The only country in Africa never to have been colonised- although the Italians occupied it just long enough to leave a lasting legacy and arguably the best macchiatos on the continent- it is a country rich in cultural traditions and beliefs and has a national language, Amharic, which I credit as having the most difficult to remember word on the planet for thank you. AMASEGANALEHU (Am-a-se-ga-na-le-hu….got it? Good! Now try saying it again in 3 minutes).

An expat lifestyle

One of the things I miss so dearly about living in off-the-beaten-path locations is that you always meet the most fascinating of people. Some of the conversations I have had while living and travelling in Africa have rarely ever been surpassed anywhere else in the world. It is of course on account of the people you meet, and I guess the type of people that end up living and loving these locations in the first place.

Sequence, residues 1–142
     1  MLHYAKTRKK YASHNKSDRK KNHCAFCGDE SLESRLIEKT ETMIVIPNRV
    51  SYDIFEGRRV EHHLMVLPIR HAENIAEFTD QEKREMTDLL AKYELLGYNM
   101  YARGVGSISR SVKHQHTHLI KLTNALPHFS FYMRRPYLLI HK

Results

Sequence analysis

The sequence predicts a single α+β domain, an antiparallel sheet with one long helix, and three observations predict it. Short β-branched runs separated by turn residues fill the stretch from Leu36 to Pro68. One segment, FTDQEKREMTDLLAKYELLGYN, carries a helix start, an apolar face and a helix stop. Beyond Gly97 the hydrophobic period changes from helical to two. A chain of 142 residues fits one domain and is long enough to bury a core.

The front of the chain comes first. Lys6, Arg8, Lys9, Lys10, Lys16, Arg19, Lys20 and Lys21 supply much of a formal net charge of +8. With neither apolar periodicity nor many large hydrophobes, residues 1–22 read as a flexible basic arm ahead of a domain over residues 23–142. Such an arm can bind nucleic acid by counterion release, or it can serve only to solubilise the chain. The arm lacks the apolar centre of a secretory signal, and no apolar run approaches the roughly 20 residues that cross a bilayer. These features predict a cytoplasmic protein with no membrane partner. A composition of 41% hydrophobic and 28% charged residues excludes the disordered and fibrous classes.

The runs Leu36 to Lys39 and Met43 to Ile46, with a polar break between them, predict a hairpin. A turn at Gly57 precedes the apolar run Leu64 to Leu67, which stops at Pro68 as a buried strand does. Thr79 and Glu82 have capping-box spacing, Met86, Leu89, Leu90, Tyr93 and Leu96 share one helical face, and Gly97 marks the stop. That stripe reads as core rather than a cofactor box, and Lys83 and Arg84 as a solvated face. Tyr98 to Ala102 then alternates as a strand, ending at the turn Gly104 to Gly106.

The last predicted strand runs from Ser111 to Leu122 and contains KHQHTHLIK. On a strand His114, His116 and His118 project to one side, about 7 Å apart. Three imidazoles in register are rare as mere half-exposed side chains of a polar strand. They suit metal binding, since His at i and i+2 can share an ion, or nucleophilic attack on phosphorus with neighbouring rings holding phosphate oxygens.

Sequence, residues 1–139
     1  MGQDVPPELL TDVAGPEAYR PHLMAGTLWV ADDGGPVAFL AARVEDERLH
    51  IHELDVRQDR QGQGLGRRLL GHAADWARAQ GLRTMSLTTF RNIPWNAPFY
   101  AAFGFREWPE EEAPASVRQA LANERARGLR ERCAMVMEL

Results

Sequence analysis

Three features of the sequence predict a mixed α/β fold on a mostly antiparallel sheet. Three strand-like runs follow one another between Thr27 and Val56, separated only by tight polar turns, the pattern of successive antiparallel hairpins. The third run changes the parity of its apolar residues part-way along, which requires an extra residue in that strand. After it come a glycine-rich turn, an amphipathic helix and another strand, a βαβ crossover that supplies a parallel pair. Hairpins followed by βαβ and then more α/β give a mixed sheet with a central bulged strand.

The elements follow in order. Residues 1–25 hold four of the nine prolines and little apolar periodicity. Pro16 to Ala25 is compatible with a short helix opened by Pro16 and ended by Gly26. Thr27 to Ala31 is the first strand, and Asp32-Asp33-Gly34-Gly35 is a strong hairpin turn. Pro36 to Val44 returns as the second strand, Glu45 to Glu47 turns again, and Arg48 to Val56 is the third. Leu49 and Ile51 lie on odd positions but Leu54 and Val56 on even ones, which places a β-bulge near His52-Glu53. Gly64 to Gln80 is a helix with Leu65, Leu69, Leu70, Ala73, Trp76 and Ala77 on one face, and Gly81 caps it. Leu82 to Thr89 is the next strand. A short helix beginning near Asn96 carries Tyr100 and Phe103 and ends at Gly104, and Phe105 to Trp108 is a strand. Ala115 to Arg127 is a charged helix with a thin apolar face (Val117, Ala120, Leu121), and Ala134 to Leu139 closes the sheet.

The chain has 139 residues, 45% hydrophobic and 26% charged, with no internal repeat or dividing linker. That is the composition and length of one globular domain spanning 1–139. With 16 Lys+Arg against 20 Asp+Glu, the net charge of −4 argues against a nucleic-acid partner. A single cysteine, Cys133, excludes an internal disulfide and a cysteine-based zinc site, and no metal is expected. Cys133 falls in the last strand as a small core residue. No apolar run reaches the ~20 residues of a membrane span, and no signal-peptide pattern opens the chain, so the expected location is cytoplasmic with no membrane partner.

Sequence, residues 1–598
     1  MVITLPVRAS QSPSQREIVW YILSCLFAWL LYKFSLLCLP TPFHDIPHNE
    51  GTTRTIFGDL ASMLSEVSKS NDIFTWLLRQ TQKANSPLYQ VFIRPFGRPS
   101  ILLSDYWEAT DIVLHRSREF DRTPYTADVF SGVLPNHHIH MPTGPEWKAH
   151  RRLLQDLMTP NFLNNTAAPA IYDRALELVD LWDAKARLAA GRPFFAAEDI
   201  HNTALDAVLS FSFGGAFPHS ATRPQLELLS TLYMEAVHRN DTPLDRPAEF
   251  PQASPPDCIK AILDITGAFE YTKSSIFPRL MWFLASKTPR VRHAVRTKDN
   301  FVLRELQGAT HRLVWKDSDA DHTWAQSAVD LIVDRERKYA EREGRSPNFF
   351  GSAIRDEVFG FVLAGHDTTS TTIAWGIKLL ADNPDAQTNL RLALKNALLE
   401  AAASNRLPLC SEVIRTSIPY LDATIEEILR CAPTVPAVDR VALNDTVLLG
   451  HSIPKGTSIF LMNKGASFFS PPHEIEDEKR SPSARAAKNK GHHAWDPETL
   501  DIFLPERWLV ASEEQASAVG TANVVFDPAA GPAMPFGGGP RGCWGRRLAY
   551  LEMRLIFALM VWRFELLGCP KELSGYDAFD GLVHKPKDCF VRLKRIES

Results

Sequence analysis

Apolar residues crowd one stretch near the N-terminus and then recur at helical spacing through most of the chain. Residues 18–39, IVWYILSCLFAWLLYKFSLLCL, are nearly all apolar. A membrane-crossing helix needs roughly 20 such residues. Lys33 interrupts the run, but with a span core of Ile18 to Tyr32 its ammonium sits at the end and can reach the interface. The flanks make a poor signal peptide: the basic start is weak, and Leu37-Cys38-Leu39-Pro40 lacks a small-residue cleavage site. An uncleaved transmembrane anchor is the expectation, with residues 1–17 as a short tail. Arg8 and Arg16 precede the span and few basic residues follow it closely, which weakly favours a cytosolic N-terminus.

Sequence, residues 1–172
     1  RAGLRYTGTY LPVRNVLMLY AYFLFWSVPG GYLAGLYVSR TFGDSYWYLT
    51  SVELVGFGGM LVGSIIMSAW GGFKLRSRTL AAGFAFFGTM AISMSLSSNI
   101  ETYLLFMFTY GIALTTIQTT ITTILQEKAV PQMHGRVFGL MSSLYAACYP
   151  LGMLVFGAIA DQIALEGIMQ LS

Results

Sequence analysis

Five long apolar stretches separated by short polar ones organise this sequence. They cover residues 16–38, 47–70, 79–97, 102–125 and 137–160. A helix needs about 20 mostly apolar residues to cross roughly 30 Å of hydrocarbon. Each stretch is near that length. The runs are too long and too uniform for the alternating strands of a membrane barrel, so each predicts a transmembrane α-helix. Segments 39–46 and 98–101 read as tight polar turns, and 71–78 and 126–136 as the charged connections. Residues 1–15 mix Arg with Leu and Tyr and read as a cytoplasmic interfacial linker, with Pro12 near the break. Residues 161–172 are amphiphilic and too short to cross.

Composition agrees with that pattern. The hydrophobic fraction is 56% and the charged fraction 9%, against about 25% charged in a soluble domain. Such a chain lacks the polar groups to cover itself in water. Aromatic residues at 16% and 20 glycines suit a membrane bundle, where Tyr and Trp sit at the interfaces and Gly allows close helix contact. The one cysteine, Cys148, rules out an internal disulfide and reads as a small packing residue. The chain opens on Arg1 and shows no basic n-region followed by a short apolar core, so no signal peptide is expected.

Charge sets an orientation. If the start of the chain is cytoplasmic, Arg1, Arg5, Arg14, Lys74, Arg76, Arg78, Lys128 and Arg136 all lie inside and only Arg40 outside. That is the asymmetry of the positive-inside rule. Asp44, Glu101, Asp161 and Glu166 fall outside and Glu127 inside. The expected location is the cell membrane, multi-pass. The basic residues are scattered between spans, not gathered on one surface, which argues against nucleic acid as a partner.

Ethiopia had another attraction for me, a friend and former colleague from Tanzania, who had moved to the country a few years prior. It was Theresa and her charismatic 5-year old daughter Naanyuni, who I looked forward to spending Christmas with. Theresa met me at our hotel in downtown Addis Ababa on my first morning in the country. We had arrived in the early hours of the same morning, excited to be back in Africa, notwithstanding the usual dramas of visa processing queues – 3 officials, a plane load of passengers, a convoluted system involving numerous pieces of paperwork, no credit card machines or ATM’s which worked, 6 officials absorbed by their mobile phones and variously agitated tourists who clearly had never encountered African bureaucracy at its finest at 1am. It was a memorable ride from the airport to the hotel squeezed inside the back seat of a Russian Lada which looked like it hadn’t been road worthy since 1973. My incongruous and oversized Samsonite hard case (…never buy one!), had been thrown on the steel roof rack on account of it being almost as large as the interior of the car and very nearly as heavy as it. Meanwhile, my 6-foot something friend Christi had the honour of riding shotgun in the front, but without any obvious advantages and reminiscent of Mr. Bean in his Minnie. He would have been more comfortable accompanying my luggage.